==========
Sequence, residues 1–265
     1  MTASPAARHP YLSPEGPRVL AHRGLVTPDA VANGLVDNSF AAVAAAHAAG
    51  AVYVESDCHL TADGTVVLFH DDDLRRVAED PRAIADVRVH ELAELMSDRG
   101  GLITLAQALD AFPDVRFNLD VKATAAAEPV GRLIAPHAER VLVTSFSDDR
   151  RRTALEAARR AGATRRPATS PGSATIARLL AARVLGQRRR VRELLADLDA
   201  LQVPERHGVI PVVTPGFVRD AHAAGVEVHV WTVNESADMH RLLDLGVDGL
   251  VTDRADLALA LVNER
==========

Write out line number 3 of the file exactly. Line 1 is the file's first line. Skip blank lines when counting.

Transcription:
    51  AVYVESDCHL TADGTVVLFH DDDLRRVAED PRAIADVRVH ELAELMSDRG